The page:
It takes more than touch point initiatives like unconscious bias training and cultural activities (which have their place). Organisational change is long term, it is systemic and is reinforced by accountability at the top (senior leadership/partners) and throughout all levels of the organisation. Accountability requires more than delivery on quantitative measures, which is needed, but also cultural and behavioural changes that create an inclusive working environment and equality of opportunity for all colleagues.
Leaders can act as role models of inclusionary practices by addressing and tackling racial stereotypes, prejudices and slights that pervade the organisation – as these in turn affect the way leadership is performed and accepted. This cultural shift is needed in order to reduce the attrition levels for black talent and build a diverse pipeline for promotion to senior roles. BSN has been advocating for change since its launch in 1995. We have a current membership of 5,000 and are committed to equality of access, retention and progression of aspiring and existing black solicitors. We have seen positive change in the diversification of the profession at the entry level over the years, however, progress at the top for black and minority ethnic (BME) lawyers has been painstakingly slow. Whilst it is disheartening that fundamental change is still needed 25 years after BSN’s inception, now is as important a time as ever to continue our drive.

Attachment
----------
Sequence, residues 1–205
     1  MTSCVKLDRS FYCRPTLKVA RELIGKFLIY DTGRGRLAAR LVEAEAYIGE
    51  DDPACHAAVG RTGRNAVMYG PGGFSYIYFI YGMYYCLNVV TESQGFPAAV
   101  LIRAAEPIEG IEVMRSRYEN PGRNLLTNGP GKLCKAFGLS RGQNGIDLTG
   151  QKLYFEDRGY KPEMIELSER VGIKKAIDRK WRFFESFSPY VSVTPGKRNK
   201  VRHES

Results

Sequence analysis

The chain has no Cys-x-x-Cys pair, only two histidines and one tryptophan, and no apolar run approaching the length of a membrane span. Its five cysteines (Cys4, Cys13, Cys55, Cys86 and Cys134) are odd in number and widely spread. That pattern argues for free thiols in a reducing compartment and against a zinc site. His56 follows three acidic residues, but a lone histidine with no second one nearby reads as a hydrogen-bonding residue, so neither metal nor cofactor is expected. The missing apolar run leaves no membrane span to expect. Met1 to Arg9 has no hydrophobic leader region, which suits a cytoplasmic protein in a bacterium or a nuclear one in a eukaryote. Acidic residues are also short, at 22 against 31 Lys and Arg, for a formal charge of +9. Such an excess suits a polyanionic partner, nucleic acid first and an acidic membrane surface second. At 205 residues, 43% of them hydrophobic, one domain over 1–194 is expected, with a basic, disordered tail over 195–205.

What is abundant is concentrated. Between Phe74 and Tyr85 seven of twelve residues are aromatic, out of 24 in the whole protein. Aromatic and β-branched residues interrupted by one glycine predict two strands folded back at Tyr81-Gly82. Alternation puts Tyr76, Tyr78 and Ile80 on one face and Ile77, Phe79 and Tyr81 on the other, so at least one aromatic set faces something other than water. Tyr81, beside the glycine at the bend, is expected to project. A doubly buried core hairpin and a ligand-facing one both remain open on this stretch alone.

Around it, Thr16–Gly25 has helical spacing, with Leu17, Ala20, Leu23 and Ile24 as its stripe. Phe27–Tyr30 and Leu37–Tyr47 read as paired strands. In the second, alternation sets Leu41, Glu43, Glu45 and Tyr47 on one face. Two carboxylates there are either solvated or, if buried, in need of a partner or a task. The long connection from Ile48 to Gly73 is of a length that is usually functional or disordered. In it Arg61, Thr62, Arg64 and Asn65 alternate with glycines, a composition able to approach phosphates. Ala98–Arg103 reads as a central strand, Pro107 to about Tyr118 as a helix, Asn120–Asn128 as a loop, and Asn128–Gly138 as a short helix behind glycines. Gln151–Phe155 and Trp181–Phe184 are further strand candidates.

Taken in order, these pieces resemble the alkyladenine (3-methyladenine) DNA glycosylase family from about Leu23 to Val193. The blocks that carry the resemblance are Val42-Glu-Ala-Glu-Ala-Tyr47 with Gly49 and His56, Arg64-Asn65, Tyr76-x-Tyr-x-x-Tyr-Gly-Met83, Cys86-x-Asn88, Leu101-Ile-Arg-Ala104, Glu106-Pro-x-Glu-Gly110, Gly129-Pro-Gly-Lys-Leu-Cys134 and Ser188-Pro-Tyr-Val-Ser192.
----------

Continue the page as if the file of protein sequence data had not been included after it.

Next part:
BSN’s early years
BSN was founded in 1995 by a group of like-minded solicitors sharing a vision of a dynamic body that promoted and represented the interests of black solicitors in England and Wales. In the early years, BME solicitors were predominantly concentrated in smaller firms headed by 1-3 partners – this remains the case today. A significant proportion of those firms were legal aid funded and gave ordinary people with ordinary problems access to justice.
The successive years of deficit reduction policies by governments has resulted in these firms and their clients receiving reduced funding, reduced access to justice and has reduced the livelihoods of both the solicitors and their clients. BSN’s founding members, being sole practitioners running small firms, came together to discuss proposed legal aid reforms and how they could prepare for the future challenge to their businesses. They mobilised likeminded practitioners and lobbied the representative body for the profession, The Law Society, the regulatory body and the government to drive through change.
BSN continues to actively participate in consultations initiated by The Law Society, the Solicitors Regulation Authority and other regulatory, parliamentary and government bodies regarding matters affecting BME lawyers.